How does that then affect the resources or treatment of patients?

When you look at any of the literature in middle income countries, late presentation and advanced stage of diagnosis is one of the big issues. If you don’t understand the inherent challenges faced by men and women, elderly men and women, you can’t open up those access boundaries or educate that population as to the risk factors that they need to look out for. So actually it could have a detrimental impact on the mortality outcomes but we need more data.

What about prevention or screening?

It’s very sporadic. Actually if you take something like prostate cancer there were some studies that have been done in the elderly looking at prevention and screening and actually many are scared of having interventions such as a digital rectal examination; endoscopies and things are very expensive, mammographic screening is often dependent on how you publicise the need for mammography. And actually as part of the data that we submitted we showed that actually there was a clear gradient in age versus mammographic uptake. So there’s a lot of work that needs to be done.

What further research will you be doing in this area?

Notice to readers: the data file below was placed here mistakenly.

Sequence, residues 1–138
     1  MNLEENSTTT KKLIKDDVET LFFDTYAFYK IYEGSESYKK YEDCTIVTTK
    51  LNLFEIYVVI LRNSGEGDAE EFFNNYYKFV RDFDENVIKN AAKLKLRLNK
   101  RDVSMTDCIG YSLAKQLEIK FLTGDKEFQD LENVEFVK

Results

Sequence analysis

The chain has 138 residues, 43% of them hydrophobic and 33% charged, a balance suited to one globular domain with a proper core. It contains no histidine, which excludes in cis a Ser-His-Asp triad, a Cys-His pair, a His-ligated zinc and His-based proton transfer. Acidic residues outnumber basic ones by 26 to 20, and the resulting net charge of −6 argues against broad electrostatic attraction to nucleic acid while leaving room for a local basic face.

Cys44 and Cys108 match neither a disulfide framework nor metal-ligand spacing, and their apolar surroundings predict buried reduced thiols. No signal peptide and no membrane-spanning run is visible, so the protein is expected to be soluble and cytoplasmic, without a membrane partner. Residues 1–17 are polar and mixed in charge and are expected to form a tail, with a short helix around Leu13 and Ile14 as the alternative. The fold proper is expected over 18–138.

What we found useful about doing the piece of work is that it provided a marker point of where a country like Mexico is with such a vast population. Moving forward, it’s important to actually look at other countries because obviously you have to take in the population heterogeneity. But it’s also continuing to look at those elements, that it’s not just about your health system in terms of cancer care, it’s about the wider factor, the social determinants, the education that you provide, the place in society of elderly individuals and the affordability of treatment.

Who is responsible for taking action on the findings?

We had a collaborator from the National Cancer Institute in Mexico City, Karla Unger-Saldaña, and she worked on this and she’s done a lot of work in breast cancer. It has been obviously through the ecancer portal being free at the point of access, I think that’s very important for dissemination, we’ve also tried to publicise this as much as possible. But it has to be seen as a piece of background work that’s built on going forward.

Is there anything else to highlight about the research?

Interestingly, what we did look at was all the research publications from the 1990s onwards using a bibliometric analysis which was a quantitative analysis of research output using publication titles. What we found for somewhere like Mexico and its cancer care, where you do have late stage of diagnosis, prevention and screening still need some work, that actually the majority of the research being undertaken in Mexico with cancer care is still in genetics and chemotherapy and prognostic markers and very little in epidemiology, quality of life, palliative care, which is incredibly important.